Some European governments, offering to help, have suggested they might oversee a “sea bridge” that would have supply vessels sailing between Cyprus and Gaza. This, in the European view, would relieve the “prison-like” situation that Gaza has been in since Hamas’s takeover in 2007 (two years after Israeli troops and settlers ended a 38-year occupation of the Gaza Strip).

Israel’s political and military leaders had sprung a surprise on Tuesday morning (5 August): announcing that by 8 a.m. local time, all Israeli troops would be pulled out of Gaza.  “They will take up positions on our side of the border,” a senior IDF source told a limited number of reporters that morning.  “The soldiers have a good feeling about the campaign.  We destroyed all 32 tunnels that we discovered.  And we acted according to international norms.  There’s plenty of proof of that.”

Netanyahu: Trying to End the Mini-War (photo from BBC April 2013)

Netanyahu: Trying to End the Mini-War (photo from BBC April 2013)

“It’s easy to start a war, but it’s not easy to end one.”  Israeli leaders heard pundits issue that kind of warning, in mid-July, when they sent the IDF (Israel Defense Forces) into Gaza — and now they’ve decided to pull them all out.  This is, practically, a “Mission Accomplished” announcement by Israel.

On Monday night (4 August), Israel and Hamas — though never directly in touch with each other — agreed to accept the latest proposal by Egypt’s government for a 72-hour ceasefire starting at 8 a.m. Tuesday. Negotiations in Cairo took place, but with a lack of progress Hamas ended the ceasefire on Friday morning by firing rockets into Israel. Israel’s air force and artillery pounded back.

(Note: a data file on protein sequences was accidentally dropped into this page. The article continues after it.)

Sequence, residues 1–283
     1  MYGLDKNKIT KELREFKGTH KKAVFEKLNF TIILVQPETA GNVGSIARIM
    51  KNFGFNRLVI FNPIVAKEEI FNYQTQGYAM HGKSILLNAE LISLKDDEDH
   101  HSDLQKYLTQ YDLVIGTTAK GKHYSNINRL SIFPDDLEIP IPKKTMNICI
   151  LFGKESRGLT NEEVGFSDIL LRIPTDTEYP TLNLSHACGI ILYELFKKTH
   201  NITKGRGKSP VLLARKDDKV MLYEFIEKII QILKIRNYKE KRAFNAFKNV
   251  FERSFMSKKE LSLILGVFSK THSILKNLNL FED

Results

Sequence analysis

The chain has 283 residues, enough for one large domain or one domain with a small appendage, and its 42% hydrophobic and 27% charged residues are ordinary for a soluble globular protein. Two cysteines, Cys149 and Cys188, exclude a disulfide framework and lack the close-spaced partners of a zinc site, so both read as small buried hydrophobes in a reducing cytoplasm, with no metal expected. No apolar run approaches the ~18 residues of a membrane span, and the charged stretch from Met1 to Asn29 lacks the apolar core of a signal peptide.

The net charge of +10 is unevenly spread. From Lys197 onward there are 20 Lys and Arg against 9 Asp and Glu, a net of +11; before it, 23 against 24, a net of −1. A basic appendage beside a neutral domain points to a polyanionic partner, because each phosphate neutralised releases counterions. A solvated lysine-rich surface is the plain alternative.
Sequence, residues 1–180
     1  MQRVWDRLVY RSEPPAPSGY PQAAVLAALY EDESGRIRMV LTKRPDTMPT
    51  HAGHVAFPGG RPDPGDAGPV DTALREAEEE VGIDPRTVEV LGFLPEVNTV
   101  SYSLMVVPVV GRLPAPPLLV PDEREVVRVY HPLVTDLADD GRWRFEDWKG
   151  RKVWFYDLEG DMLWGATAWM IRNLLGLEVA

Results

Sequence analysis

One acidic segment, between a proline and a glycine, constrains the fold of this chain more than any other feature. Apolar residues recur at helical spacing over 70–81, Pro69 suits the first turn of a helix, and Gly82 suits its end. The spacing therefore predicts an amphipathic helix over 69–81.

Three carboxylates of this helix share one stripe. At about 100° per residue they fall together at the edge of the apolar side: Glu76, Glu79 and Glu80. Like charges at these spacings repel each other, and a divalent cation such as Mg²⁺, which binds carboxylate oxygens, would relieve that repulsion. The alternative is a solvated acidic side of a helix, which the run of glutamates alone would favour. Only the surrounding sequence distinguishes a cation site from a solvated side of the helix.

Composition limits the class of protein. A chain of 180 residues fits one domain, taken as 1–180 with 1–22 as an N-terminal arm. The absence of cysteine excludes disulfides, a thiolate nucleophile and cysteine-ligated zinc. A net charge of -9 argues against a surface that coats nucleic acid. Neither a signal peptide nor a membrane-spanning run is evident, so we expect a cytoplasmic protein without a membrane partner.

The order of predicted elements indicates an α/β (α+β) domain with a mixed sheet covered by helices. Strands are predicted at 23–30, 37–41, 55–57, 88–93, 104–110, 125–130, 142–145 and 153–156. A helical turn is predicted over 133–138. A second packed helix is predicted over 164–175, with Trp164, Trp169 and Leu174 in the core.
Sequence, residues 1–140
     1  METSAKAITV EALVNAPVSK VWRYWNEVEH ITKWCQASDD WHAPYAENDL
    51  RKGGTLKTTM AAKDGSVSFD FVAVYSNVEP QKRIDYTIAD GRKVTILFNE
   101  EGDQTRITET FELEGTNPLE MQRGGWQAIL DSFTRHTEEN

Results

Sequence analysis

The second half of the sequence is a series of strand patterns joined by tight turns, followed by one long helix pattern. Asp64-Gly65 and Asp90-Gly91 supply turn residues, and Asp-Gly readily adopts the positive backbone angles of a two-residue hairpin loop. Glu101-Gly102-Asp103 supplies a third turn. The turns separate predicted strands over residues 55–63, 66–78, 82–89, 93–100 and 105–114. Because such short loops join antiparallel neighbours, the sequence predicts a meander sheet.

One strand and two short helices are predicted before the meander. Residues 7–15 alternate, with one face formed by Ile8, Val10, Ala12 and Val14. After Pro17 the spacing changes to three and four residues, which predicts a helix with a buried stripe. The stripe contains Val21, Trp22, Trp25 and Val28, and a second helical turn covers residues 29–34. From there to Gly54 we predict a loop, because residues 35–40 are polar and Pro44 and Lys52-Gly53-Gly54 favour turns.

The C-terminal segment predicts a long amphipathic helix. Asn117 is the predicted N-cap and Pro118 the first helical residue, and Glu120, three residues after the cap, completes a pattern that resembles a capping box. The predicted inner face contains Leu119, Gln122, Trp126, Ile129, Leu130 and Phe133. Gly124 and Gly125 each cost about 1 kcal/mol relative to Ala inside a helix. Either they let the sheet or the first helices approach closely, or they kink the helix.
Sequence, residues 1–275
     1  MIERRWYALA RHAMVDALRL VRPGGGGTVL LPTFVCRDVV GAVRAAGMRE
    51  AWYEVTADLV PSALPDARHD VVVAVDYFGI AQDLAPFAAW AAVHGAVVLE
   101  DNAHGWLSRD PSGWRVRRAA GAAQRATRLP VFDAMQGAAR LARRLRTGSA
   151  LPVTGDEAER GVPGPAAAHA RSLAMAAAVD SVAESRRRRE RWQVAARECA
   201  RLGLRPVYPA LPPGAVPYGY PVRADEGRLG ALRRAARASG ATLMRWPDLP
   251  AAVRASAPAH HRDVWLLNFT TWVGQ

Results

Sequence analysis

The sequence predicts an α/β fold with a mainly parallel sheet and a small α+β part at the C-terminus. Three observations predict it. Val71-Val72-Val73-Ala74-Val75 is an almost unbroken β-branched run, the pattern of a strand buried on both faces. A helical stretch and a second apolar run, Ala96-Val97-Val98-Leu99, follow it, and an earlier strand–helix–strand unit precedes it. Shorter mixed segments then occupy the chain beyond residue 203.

The previous Friday (1 August) a similar arrangement was attempted — but that ceasefire was shattered within 90 minutes when team of Hamas attackers popped out of one of their secretly dug tunnels and ambushed Israeli troops.  Two soldiers were killed immediately, and a third — at first described as a kidnap victim — was later declared dead by the IDF’s chief rabbi (and an investigation panel).

Israel then pounded Palestinian positions and neighborhoods — killing, according to Arab media, several hundred people as apparent revenge for the attack that ruined the August 1st ceasefire.

There still is a definite possibility that the newest ceasefire will break down, and the violence could return. Much will depend on the outcome of the indirect talks in Cairo.

August 10, 2014

Why Was the Missing Israeli Lieutenant Declared “Dead”? And Does the Army Have a Secret Plan to Kill Kidnapped Soldiers, to Avoid Crisis?

Israel was feeling the overwhelming national emotion of having a “missing soldier — kidnapped by terrorists,” but late on Saturday night (2 August) the Israel Defense Forces (IDF) decided to declare that Hadar Golding, a 23-year-old 2nd lieutenant, was dead.  Officials did not want to reveal publicly what they had found at the scene of a suicide bomb explosion on Friday morning — the one that shattered the ceasefire that had just begun in Gaza. Body parts? Pieces of Golding’s clothing? Or just the logical, almost certain conclusion that Golding — though his body was dragged away by Palestinian attackers — could not have survived, as he had been standing with the two soldiers whose corpses were found?

In Israeli society, why is the kidnapping of a soldier considered worse news than the death of IDF soldiers?  Because the army adheres to its commitment, to bring every fighter back home from captivity. Thus a kidnap leads inevitably to a lopsided prisoner exchange. In 2011 Israel released more than 1,000 Palestinian prisoners — including convicted murderers — in exchange for Gilad Shalit, an IDF soldier who had been held by Hamas in Gaza for five years.

Lt. Hadar Goldin, declared dead by IDF

Lt. Hadar Goldin, declared dead by IDF

[The folowing analysis -- which dismisses the notion of a secret IDF plan to kill Israeli soldiers when they have been captured -- was written by Yossi Melman, co-author of Spies Against Armageddon, for the website of the private TV news service broadcast from Israel, i24news.tv.]

Before the death of the Israeli army’s Second Lieutenant Hadar Golding was publicly declared, based on ‘findings in the field,’ Israeli intelligence did not have precise information to determine the fate of Goldin, who had been dragged away by Hamas fighters on Friday morning — approximately 90 minutes after the start of a ceasefire that was thus immediately shattered.